privilege is not absolute, and a lawyer may breach the privilege to prevent
impending and serious physical harm to an identified victim or class of

Stay: A court ruling that stops or prevents further legal proceedings.

Subpoena: A court order which typically compels an individual to hand
over certain documents or to attend a legal proceeding and testify.

Summary Conviction Offence: The category of offences tried by
summary conviction. These offences are tried in the lower courts and
typically involve less serious behaviour than indictable offences.
Similarly, the sentences for summary conviction offences are usually far
less onerous than those for indictable offences.

Suspended Sentence: If an individual is convicted of an offence that does
not have a minimum penalty, the judge may suspend the passing of
sentence and order him or her to be released on probation. If the offender
breaches probation, the judge may order the offender returned to court and
sentence him or her for the original offence. In deciding whether to
impose a suspended sentence, the judge must consider the offender’s age
and character, and the nature and circumstances of the offence.

Testimony: Statements that witnesses make in court under oath or

Transcript: An official typed copy of all the statements made during a
legal proceeding.

Verdict: A verdict is the jury’s or judge’s finding in a case. In criminal
cases, the jury’s verdict must be unanimous.

Victim Surcharge: A victim surcharge is a monetary penalty imposed on
offenders, in addition to any other punishment. It is paid to the provincial

or territorial governments to provide funds for victims programs, services
and assistance.

Voir Dire: A hearing held during a trial on the admissibility of contested
evidence or the competency of a witness. The jury is not usually present
and evidence presented during the voir dire typically cannot be considered
when reaching a verdict.

Young Offenders Act: A federal statute that established how young people
were to be treated, tried and sentenced in criminal proceedings. This
statute was replaced by the Youth Criminal Justice Act, which came into
force on April 1, 2003.

Youth Criminal Justice Act (YCJA): A federal statute applying to youth
aged twelve to seventeen. It recognizes young people’s reduced level of
maturity, provides broader legal protection to youth charged with
offences, and emphasizes rehabilitation, reintegration and timely
intervention. The YCJA also contains special sentencing and probation

MADD Canada (Mothers Against Drunk Driving) is a national grassroots charitable
organization with Chapters and Community Leaders across the country. MADD
Canada’s local groups are run by volunteers and include not only mothers, but fathers,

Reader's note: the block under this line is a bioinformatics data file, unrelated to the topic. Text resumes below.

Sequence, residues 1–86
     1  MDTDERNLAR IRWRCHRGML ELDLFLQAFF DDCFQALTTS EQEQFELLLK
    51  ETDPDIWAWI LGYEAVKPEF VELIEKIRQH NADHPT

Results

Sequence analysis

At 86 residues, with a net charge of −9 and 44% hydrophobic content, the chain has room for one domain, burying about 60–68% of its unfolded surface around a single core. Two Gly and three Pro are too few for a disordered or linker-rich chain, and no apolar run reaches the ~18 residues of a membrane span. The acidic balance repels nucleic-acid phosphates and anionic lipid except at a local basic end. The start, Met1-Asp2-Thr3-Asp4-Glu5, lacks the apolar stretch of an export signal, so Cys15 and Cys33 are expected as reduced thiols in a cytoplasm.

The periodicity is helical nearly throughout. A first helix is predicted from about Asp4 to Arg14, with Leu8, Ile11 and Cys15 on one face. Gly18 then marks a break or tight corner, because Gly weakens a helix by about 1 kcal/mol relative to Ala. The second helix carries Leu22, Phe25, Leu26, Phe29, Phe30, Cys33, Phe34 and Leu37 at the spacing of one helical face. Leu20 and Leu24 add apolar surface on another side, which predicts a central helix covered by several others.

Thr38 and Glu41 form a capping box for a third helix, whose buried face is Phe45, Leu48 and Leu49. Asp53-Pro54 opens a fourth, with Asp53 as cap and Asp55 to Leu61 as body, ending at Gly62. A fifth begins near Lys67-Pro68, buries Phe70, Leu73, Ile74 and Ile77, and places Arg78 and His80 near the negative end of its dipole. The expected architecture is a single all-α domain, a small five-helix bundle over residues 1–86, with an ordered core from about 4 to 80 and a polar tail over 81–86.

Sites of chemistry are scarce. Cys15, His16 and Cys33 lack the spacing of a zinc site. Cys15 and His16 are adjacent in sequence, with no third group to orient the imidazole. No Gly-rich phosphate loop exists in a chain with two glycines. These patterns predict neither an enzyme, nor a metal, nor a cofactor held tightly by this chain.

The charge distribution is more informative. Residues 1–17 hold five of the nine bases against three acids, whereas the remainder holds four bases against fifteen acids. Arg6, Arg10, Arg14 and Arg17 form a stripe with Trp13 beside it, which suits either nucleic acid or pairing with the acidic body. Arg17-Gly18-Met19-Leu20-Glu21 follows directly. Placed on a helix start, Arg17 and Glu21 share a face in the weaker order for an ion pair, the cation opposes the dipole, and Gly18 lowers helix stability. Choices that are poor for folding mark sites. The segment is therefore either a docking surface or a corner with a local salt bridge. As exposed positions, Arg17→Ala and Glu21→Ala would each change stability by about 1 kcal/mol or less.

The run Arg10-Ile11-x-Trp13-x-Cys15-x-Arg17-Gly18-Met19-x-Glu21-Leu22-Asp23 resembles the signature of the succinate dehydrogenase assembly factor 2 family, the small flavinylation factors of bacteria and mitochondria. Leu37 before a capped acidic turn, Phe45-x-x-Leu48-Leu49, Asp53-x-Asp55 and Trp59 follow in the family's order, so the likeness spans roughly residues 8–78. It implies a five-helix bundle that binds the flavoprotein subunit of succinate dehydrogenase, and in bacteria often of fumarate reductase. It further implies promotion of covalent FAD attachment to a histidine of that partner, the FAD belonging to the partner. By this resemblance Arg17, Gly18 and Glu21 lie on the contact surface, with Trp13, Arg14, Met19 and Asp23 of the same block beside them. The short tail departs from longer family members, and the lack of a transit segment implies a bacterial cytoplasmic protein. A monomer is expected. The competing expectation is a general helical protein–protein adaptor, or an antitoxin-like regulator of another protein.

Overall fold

friends, business professionals, experts in the impaired driving field, concerned
citizens, and young people who want to make a difference in the fight against
impaired driving.

What makes MADD Canada unique?
Emotional Support. Victim Services Volunteers and victims from local Chapters
offer one-to-one peer support.

Court Accompaniment and Support. Local Chapter members volunteer to go to
court with a victim and/or the victim’s family whenever possible.

Helping Victims Understand Their Rights. Volunteers assist victims in
understanding the criminal justice system, their right to information and their right
to submit a Victim Impact Statement to the court. Volunteers will also assist victims
in preparing their statements.

Annual Candlelight Vigil & Victims’ Weekend. These events give victims an
opportunity to come together to honour and remember their loved one(s) and to
acknowledge those injured. The Victims’ Weekend includes educational presentations
by professionals on grief, bereavement, coping with injury, and related issues. It also
provides time for reflection in a supportive environment.

A National Resource Guide. This publication contains federal and provincial
resources for all victims of crime, with a focus on victims of impaired driving.

Lending Library. The National Office has books that are available on loan. Topics
range from coping with injury, grief and bereavement to restorative justice.

Other Free Brochures: Coping with Life After Injury; Trauma, Loss and
Bereavement; and Holidays and Hope. All brochures can be downloaded from

                   You can make a difference!
• Don’t drink or use drugs and drive.
• Talk to your family about drinking, drugs and driving.
• Be responsible – don’t let guests drive impaired.
• If you witness a driver who appears to be impaired, report him or her to the
  police by dialing 911.
• If you or someone you love becomes a victim, call 1-800-665-MADD or your
  local Chapter for help.
• Get involved by volunteering for your local Chapter or Community Leader.
  If there isn’t one in your area, contact MADD Canada and ask to start one.
• Become a member of MADD Canada.
• Donate to MADD Canada through our web site at www.madd.ca or contact us at
• Show your support for safe driving by tying a MADD Canada red ribbon to your

  For Victim Support, call MADD Canada’s toll-free line:

          MADD Canada (Mothers Against Drunk Driving)
              2010 Winston Park Drive, Suite 500
                   Oakville, ON L6H 5R7
                TOLL FREE: 1-800-665-6233

      Phone: 905-829-8805                Fax: 905-829-8860
      Internet: www.madd.ca              E-mail: info@madd.ca
              Registered Charitable Number: 13907 2060 RR0001

To top